Labour lost Brent East yesterday, in a byelection necessitated by the death of the former Labour MP.. and not only did they lose, they watched 29% of their most faithful supporters, turn instead to the Liberal Democrats..
A sign to Tony, that the country is not happy. And while perhaps not ready to move completely to the other side of the coin and vote Tory, they obviously are looking for something other than that which Labour has become.
The LibDems are as close as you can get.
For those who have never heard the name before, the leader of the Liberal Democrats in Charles Kennedy. It's a name one might become more familliar with in a year or so..
'It's a matter of trust'.
Ahh.. and poor Jacques.. there are problems for France looming..
Recall the Ontario Provincial Government of Bob Rae.. the first NDP government in the province's history was a knee-jerk reaction to the mammother 28 year run of the Conservatives, ending with Bill Davis..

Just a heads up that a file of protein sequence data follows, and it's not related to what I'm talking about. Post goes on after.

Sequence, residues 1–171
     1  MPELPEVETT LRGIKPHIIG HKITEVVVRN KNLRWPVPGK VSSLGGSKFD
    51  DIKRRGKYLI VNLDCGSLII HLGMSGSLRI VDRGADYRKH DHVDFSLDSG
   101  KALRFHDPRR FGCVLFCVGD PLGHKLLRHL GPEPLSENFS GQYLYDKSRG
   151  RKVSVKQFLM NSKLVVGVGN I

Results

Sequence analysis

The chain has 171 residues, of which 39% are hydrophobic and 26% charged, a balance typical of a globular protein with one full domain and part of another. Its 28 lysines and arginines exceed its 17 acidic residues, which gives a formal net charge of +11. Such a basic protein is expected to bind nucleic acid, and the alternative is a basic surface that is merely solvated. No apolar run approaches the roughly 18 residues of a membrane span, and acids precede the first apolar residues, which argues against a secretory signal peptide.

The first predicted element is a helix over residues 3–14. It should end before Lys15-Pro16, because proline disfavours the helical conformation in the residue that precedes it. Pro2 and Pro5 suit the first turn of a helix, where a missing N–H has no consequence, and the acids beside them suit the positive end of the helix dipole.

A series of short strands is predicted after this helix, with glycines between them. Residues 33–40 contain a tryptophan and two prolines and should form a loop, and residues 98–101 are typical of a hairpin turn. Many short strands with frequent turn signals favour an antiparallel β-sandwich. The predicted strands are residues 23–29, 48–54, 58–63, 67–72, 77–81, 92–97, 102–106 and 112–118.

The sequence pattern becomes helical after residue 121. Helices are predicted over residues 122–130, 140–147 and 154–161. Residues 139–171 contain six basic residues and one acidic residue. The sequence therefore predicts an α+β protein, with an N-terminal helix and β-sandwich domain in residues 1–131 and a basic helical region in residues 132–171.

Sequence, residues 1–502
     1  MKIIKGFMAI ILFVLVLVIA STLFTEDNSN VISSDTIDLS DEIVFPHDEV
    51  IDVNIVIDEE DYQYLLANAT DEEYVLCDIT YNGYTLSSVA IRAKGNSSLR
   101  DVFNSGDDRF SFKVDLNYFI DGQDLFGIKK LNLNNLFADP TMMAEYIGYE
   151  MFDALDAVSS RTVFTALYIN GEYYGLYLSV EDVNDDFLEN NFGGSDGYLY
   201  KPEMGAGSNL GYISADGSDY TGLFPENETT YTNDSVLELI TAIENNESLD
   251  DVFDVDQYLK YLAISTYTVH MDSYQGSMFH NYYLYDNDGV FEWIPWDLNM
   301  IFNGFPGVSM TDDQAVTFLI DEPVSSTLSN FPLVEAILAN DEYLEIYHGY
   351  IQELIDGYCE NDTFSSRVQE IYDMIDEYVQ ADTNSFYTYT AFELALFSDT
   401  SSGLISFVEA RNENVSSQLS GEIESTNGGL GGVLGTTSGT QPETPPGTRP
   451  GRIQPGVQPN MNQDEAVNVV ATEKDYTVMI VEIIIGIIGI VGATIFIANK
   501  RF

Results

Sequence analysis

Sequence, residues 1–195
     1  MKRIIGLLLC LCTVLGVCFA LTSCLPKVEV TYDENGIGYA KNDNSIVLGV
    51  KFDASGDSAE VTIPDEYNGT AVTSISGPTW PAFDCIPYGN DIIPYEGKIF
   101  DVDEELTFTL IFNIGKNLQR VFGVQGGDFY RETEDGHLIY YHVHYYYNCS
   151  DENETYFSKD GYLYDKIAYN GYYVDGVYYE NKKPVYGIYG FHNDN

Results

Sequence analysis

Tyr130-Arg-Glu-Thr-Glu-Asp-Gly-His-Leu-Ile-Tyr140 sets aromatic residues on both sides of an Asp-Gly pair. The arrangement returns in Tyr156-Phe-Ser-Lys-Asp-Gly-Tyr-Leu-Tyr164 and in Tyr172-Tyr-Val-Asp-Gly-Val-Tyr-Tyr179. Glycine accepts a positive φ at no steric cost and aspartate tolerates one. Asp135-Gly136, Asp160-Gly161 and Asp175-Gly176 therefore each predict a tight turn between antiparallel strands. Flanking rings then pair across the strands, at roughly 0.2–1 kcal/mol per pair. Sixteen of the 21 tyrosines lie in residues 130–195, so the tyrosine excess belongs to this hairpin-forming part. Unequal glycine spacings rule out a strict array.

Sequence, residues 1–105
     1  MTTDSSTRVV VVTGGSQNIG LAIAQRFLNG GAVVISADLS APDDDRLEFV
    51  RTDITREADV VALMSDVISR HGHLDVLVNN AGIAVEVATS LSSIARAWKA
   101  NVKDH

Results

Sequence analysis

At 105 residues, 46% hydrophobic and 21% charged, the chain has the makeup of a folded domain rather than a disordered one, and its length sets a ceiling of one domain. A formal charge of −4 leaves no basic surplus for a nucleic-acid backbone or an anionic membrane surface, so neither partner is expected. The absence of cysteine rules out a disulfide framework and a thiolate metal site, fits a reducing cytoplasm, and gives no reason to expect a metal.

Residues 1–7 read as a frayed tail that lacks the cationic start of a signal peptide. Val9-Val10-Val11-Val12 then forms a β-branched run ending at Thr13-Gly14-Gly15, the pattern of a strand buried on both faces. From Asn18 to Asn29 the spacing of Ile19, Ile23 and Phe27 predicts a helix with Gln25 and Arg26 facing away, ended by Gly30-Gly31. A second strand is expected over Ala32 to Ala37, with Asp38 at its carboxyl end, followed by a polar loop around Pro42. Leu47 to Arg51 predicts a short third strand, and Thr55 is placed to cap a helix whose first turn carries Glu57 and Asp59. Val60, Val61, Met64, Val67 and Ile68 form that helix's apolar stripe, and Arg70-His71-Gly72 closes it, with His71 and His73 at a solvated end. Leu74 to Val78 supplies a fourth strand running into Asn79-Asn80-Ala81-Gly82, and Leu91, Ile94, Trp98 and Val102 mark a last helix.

The NDP came to power, and began a policy of uncontrolled social spending, coupled with the detemination not to raise taxes. Two years they spent and spent.. while the triple-A credit rating Ontario had always enjoyed slipped.. and the provincial deficit soared..
France is in this position now.
The problem is this. One of the foundations of membership in the EU, and tied to it, the use of the single currency, is the stipulation the various governments do not allow their deficit to exceed 3% of the GNP.. France's deficit is now over 4%, and it would seem it will still climb before coming down.
What a predicament.. is France now going to be put on probationary status within the hegemony it has dedicated itself to forming? And what does this bode for the future of the Euro, when France's economy cannot itself support it's use..

Thursday, September 18, 2003